This strengthened my resolve to propose other ‘post-colonial’ (as they were starting to be called) texts for the curriculum.  Our new third-level ‘Literature in the Modern World’ course offered the opportunity. With Angus Calder, Dinah Birch and Richard Allen, we wrote ‘blocks’ of teaching material on poetry, prose and drama from West Africa, the Caribbean and India, adopting the phrase ‘literatures in English’ instead of English Literature, to encourage an awareness of growing debates about the origin and nature of contemporary literary studies, and to prevent writings from abroad being ghettoised. We developed a related summer school at York, and I edited a reader of critical essays and documents, widely used outside the OU and revised for a second edition which remains in print with sales of over 60,000.

‘Literature in the Modern World’ was four years in the making and served some 10,000 students before being replaced by another Twentieth Century Literature course, chaired by Suman Gupta, which continued to highlight current debates, while incorporating texts dealing with contemporary society, now inevitably including writings from beyond as well as within the UK, by migrants as well as by long-established citizens.  In terms of quality as well as relevance, the work of authors as diverse as Chinua Achebe, Derek Walcott, Nadine Gordimer, Grace Nichols and Abdulrazak Gurnah was always going to have an impact.

At the same time, I joined History colleagues to set up a ‘project’-based ‘fourth-level’ course, with several lines involving minimal teaching material but substantial reading and set texts, aimed at bridging undergraduate and postgraduate levels (the MA was still in its infancy) through more independent student work. We taught the courses we were creating, believing it had always been a blunder to allow fulltime OU academics to create courses and appoint and monitor tutors (ALs) without teaching face-to-face themselves, and not only at occasional day and summer schools. The result was hugely rewarding for all concerned, producing students who did go on to postgraduate work, although numbers were inevitably limited by the nature of the provision.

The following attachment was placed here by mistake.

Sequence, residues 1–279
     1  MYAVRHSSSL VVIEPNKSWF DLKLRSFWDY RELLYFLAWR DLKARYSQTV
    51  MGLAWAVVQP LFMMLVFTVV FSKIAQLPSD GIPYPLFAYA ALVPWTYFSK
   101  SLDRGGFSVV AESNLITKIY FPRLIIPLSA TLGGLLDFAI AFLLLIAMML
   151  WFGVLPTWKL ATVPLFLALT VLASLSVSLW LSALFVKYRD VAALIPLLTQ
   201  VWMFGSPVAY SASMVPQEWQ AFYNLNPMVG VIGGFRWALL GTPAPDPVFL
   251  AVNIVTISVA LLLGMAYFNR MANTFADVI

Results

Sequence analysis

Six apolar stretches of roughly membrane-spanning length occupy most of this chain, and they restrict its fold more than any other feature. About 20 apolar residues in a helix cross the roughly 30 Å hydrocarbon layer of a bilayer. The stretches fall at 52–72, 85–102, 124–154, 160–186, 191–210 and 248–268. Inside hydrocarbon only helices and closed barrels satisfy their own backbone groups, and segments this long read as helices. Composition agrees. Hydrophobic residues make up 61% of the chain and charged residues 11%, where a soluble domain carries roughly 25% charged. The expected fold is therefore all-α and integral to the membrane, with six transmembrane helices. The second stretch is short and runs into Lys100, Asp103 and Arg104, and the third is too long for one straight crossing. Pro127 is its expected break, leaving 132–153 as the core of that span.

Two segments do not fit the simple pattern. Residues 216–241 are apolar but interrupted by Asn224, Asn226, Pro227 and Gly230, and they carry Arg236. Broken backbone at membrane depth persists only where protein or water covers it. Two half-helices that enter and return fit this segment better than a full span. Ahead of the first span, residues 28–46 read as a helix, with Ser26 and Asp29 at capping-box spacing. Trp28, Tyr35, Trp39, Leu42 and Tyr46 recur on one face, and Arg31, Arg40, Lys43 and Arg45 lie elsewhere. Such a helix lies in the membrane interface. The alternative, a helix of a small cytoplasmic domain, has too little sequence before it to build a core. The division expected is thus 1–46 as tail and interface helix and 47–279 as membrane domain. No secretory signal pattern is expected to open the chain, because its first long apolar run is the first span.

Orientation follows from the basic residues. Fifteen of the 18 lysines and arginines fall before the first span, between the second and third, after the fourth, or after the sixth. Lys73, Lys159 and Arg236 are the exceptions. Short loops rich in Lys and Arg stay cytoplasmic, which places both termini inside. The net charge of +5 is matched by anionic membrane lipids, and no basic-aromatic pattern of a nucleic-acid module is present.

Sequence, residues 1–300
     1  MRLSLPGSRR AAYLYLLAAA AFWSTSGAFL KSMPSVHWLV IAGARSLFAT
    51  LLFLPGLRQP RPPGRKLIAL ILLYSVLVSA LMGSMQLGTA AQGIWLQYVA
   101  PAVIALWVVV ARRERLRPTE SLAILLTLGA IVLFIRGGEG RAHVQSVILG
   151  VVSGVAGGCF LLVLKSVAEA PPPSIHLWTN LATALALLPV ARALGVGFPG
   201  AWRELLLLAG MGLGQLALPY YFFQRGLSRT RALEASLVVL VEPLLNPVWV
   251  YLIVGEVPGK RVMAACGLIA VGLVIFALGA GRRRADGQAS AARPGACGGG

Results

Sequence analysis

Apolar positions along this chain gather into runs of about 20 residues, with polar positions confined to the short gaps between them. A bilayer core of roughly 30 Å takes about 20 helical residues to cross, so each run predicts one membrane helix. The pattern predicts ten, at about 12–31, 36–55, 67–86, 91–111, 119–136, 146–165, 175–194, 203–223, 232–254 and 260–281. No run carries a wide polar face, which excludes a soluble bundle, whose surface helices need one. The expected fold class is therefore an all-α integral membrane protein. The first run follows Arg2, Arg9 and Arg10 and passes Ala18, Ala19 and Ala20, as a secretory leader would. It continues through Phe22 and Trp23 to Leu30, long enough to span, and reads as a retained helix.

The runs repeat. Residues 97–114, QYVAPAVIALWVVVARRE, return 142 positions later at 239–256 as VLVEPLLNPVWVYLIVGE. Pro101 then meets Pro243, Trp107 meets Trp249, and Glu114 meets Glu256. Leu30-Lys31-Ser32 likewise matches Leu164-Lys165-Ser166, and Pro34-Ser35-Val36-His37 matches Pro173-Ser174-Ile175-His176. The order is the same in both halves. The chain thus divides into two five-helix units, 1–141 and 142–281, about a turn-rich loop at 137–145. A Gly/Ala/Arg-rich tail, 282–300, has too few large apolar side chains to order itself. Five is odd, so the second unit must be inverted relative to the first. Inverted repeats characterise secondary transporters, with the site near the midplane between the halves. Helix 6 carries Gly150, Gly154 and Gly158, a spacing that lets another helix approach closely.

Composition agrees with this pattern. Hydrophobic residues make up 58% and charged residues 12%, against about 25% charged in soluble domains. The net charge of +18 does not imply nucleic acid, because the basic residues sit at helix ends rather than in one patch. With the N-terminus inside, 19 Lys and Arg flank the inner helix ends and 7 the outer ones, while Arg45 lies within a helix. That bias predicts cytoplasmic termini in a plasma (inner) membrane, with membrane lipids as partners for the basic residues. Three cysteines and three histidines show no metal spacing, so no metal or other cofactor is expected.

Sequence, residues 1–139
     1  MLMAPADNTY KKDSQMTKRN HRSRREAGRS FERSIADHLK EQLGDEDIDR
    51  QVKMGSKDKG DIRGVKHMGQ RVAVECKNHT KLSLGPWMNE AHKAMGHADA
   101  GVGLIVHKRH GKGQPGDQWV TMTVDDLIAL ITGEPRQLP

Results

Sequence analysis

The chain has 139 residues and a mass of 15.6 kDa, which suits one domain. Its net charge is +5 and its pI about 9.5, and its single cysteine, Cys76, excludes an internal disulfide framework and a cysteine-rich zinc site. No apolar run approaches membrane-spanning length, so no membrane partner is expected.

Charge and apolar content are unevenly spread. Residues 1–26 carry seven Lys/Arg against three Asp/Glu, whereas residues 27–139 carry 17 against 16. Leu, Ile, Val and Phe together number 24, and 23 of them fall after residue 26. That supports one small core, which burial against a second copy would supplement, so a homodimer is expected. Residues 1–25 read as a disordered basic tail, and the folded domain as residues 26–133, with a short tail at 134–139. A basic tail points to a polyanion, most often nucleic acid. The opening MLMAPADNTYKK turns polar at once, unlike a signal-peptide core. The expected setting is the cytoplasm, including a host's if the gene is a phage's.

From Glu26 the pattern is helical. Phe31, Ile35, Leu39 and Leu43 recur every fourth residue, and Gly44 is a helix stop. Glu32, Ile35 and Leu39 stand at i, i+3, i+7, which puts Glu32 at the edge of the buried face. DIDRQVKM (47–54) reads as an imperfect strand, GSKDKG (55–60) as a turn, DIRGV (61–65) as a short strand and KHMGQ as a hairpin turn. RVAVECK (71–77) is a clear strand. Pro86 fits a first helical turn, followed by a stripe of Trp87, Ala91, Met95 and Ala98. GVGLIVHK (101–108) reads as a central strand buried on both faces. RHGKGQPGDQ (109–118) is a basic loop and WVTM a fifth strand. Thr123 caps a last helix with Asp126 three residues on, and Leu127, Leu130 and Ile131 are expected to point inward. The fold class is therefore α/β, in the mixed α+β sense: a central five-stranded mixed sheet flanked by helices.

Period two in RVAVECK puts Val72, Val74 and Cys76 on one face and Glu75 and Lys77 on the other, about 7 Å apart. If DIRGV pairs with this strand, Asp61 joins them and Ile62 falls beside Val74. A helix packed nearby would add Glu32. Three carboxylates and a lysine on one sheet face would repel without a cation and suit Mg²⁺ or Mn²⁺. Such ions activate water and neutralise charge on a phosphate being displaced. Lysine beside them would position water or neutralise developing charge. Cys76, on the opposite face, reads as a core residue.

Yet with the Department personnel expanding under my headship to include fellow experts like Robert Fraser, David Johnson and Susheila Nasta, it had become possible for a wider range of texts, voices and countries to be included on my project course (‘Post-Colonial Literatures in English’).  At the same time, while involved in setting up a Singapore version of the Arts program, I engaged with Ban Kah Choon of the National University there to write a Singapore version of the course focusing on local authors and texts to ensure their voices were dominant, not just ours from the UK. Without a course team, the results were uneven: it was difficult to replicate the depth and accessibility of the UK-based course.

University teaching material should always be informed by research, and it seemed natural to set up a research group while developing these initiatives – although as one colleague remarked at the time, mine was at first a group of one.  I was not fazed, and the Postcolonial Research Group has now survived for many years, organizing seminars, raising substantial funds from UK research bodies, and creating a Departmental culture in touch with developments in this still vital area of present-day literary study, whatever it is called – ‘world literatures’ is a recent favourite. The skills involved in critical reading are transferable, and the point remains to highlight the issues raised by any study of literature with texts suggestive of experiences beyond narrowly-defined European national cultures, through teaching that recognizes the claims of history and politics as well as aesthetics.  Or so I believe.